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Can I build a standard wood joist floor on top of an unheated slab?

Studio_Home | Posted in General Questions on


New home builder here!
I’m building a small studio retirement pad for myself.
It’s a 768 sq ft house (24′ wide x 32′ deep) double wall construction.
Just a bathroom, kitchen, & a living space.
I’m assuming that a slab is the cheapest way to build?
Can I build a standard wood joist floor on top of an unheated slab?
Floor will have R-36 rock-wool batt insulation.
My region normally requires a minimum 6 foot to grade basement.

Any comments?

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  1. joshdurston | | #1

    If the slab hasn't been poured yet, but I would consider...
    -Insulating under the slab and around the perimeter
    - install a proper barrier under to slab to prevent ground moisture from migrating upwards. (cheap and very effective, but sadly missed in many slab pours).
    -If you have wood touching the slab even with a barrier and insulation I would consider some sort of gasket/barrier/poly to prevent moisture from migrating into the wood
    -I don't think you'll need a floor joists and insulation if you do it properly under the slab, just your flooring and underlayment.

  2. Aedi | | #2

    As far as I know, there is nothing code-wise stopping you, but it is not commonly done for a few reasons. By your double stud walls and use of rock wool batts, I'm going to assume you are one of those anti-foam folks, so I'll tailor my answers accordingly. If you are not anti-foam, just insulate the slab the normal way.

    What climate zone are you in? I am assuming that, since you want a lot of slab insulation and your region requires 6 foot to grade basements, frost heaving is a concern. There are a few ways to mitigate that.

    If you are hoping to save money with a slab, the most reasonable option is to build a frost-protected shallow foundation. This technique involves insulating the ground below the slab to prevent it from freezing. Normally, this involve prodigious amounts of foam, but I believe there are ways to use mineral wool boards in its place, or even that new insulated gravel stuff (search for it on GBA). With this approach, there is no need to insulate the top of the slab, and so your approach is unnecessary.

    Another approach is a raft slab. However, I do not think there is a way to get around foam with that approach, so I'll ignore it.

    The last option is to build a traditional stem wall foundation or monolithic slab. This requires the footings/bottom-most part of the monolithic slab fall below the frost line, which in turn requires a fair amount of excavating. This makes the cost difference between a slab and a full basement rather small, which is one of the reasons basements are still so common up north. With this type of slab, you can proceed with your plan, but it probably isn't wise. Since you are planning on building a complete floor system anyway, There will practically be no additional cost to add a basement and drastically increase the amount of space available to you. Another thing to keep in mind is that lumber in direct contact with concrete needs to be pressure treated. Don't plan to have the joists in direct contact with the concrete, use pressure-treated sleepers.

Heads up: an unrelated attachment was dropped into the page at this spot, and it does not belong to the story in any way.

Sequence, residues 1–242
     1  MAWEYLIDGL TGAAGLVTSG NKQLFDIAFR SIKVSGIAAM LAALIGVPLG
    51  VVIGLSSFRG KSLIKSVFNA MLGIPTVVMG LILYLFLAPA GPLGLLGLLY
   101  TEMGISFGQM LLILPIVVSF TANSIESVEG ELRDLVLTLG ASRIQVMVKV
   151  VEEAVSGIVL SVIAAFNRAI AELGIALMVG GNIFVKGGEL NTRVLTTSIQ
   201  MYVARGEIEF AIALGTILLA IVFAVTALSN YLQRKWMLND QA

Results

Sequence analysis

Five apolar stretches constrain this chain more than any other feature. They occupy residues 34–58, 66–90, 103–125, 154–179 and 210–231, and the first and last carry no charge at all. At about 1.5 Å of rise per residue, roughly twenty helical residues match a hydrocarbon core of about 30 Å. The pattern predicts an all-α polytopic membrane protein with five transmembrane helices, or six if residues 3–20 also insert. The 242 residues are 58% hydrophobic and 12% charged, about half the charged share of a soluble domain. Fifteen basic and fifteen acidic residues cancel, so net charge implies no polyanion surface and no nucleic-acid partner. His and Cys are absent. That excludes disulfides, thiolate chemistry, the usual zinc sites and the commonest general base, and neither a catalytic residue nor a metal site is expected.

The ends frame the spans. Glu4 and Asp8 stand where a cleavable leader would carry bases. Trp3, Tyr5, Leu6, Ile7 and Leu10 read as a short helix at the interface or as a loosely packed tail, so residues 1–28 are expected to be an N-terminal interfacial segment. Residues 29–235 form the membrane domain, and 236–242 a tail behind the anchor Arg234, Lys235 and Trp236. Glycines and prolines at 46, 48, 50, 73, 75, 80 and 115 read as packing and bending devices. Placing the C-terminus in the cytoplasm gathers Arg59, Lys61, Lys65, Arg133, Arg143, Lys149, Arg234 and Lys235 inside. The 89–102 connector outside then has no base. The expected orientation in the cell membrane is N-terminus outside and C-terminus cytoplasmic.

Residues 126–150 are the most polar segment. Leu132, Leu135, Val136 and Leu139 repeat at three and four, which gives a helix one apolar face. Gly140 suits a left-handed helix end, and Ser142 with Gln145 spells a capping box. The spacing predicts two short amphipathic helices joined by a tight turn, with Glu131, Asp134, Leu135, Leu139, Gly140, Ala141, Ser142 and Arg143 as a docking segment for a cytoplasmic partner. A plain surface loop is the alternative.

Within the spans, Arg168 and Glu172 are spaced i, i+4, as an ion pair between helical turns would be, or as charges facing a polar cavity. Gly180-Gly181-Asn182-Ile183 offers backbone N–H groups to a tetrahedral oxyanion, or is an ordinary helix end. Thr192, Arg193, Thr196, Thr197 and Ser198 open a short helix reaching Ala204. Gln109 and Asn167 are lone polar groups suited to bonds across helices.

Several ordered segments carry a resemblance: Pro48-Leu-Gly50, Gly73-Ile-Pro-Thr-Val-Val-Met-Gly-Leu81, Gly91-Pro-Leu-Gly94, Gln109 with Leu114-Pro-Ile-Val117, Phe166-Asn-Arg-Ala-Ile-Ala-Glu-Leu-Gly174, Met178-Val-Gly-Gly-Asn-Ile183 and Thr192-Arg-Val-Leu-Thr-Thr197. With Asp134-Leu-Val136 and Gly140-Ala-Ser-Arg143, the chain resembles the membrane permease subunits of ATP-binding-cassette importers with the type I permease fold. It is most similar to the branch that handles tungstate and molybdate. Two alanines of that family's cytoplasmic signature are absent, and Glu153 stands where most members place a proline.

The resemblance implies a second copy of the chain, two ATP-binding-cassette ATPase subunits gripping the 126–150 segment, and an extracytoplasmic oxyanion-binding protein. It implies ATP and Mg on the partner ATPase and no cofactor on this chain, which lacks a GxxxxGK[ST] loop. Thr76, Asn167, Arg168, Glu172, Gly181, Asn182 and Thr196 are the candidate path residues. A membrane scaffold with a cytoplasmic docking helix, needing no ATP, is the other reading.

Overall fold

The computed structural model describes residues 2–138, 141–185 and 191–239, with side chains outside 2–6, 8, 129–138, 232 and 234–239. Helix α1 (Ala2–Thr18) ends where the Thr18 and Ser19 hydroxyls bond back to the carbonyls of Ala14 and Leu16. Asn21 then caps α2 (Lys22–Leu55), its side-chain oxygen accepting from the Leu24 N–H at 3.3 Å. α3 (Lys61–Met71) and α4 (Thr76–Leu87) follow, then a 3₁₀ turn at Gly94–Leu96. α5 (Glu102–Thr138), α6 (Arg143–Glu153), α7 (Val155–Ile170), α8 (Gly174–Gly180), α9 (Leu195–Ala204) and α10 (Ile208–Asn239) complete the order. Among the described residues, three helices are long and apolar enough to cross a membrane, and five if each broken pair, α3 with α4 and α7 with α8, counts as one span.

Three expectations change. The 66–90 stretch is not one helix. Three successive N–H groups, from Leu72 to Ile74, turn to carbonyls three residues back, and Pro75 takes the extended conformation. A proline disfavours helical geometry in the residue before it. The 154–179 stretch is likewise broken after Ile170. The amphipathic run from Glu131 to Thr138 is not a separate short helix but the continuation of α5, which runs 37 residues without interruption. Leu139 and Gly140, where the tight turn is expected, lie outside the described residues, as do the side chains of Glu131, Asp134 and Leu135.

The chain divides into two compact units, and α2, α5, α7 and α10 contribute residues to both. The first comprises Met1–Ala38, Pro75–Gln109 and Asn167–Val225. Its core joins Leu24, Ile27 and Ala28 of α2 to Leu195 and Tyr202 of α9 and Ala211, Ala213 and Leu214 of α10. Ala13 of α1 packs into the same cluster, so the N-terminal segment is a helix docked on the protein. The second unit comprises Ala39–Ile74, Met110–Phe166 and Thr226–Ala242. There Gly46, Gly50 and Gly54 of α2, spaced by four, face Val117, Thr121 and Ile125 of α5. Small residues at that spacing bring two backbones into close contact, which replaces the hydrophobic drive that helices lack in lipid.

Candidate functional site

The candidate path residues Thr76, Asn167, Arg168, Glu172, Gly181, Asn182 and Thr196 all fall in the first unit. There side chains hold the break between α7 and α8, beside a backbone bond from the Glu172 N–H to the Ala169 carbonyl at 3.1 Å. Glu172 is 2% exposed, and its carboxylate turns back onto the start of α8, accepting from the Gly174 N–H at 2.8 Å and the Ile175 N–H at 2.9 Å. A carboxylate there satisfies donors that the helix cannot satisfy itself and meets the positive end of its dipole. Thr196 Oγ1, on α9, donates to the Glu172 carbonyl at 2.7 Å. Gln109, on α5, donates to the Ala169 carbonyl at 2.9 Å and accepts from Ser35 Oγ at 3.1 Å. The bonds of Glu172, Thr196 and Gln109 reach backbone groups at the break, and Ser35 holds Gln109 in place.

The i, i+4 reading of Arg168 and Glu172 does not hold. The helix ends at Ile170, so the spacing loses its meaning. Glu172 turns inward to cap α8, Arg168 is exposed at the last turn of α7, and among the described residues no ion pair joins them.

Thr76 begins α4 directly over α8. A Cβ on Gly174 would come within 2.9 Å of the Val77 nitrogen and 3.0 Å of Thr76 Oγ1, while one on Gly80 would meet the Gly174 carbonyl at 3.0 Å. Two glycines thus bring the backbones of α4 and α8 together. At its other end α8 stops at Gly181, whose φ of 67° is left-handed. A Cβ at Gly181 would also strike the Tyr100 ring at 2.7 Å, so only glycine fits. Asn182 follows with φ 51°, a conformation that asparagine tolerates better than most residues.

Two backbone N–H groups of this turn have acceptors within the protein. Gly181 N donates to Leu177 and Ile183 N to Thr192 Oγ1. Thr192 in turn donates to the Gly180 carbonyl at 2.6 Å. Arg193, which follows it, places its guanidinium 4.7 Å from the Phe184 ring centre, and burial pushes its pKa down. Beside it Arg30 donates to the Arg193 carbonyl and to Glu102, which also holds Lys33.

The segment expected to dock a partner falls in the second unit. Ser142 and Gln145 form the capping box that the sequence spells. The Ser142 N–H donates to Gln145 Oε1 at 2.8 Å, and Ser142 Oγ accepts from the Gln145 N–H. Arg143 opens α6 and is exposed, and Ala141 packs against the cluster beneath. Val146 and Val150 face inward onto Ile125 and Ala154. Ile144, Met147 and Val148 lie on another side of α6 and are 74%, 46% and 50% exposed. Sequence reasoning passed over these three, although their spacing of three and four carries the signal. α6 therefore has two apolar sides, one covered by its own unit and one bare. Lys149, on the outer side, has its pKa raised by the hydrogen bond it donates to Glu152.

So overall, your approach is possible, but it is probably better to go with a basement or a frost-protected shallow foundation.

  3. Peter Yost | | #3

    Check out the most recent GBA Spotlight on slabs and insulation:


    1. Aedi | | #4

      I had already forgotten about the possibility of a slabless floor! Seems like a good approach when the plan is to cover the slab anyway. The comments have more resources on that setup (see replies to comment #8).

  4. GBA Editor
    Martin Holladay | | #5

    Several points here:

    1. If the frost depth in your area is 6 feet, you need deep footings (a perimeter frost wall) for most slab foundations, so that a slab isn't necessarily cheap. Alternatives include a raft slab foundation or a frost-protected shallow foundation; you can enter these search words into the GBA search box for more information. Neither of these two latter options is common or cheap.

    2. If you have a slab foundation, the usual way to install flooring on top of the slab is to simply install subflooring followed by flooring directly to the slab. If there is no horizontal rigid foam under the slab, you would need to install a continuous layer of rigid foam above the slab, followed by subflooring. There is no need for wood joists. More information here: "Installing Rigid Foam Above a Concrete Slab."